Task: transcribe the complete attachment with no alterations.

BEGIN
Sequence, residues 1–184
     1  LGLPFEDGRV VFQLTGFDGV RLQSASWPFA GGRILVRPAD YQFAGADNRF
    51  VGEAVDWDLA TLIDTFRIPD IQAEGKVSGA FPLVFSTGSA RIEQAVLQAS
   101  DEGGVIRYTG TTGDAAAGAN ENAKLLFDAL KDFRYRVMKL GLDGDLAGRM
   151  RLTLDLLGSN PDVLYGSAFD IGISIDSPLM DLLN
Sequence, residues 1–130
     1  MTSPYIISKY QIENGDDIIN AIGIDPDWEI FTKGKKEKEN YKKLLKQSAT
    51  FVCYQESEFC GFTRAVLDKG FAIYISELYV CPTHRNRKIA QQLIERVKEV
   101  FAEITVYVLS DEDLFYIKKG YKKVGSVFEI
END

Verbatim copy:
Sequence, residues 1–184
     1  LGLPFEDGRV VFQLTGFDGV RLQSASWPFA GGRILVRPAD YQFAGADNRF
    51  VGEAVDWDLA TLIDTFRIPD IQAEGKVSGA FPLVFSTGSA RIEQAVLQAS
   101  DEGGVIRYTG TTGDAAAGAN ENAKLLFDAL KDFRYRVMKL GLDGDLAGRM
   151  RLTLDLLGSN PDVLYGSAFD IGISIDSPLM DLLN
Sequence, residues 1–130
     1  MTSPYIISKY QIENGDDIIN AIGIDPDWEI FTKGKKEKEN YKKLLKQSAT
    51  FVCYQESEFC GFTRAVLDKG FAIYISELYV CPTHRNRKIA QQLIERVKEV
   101  FAEITVYVLS DEDLFYIKKG YKKVGSVFEI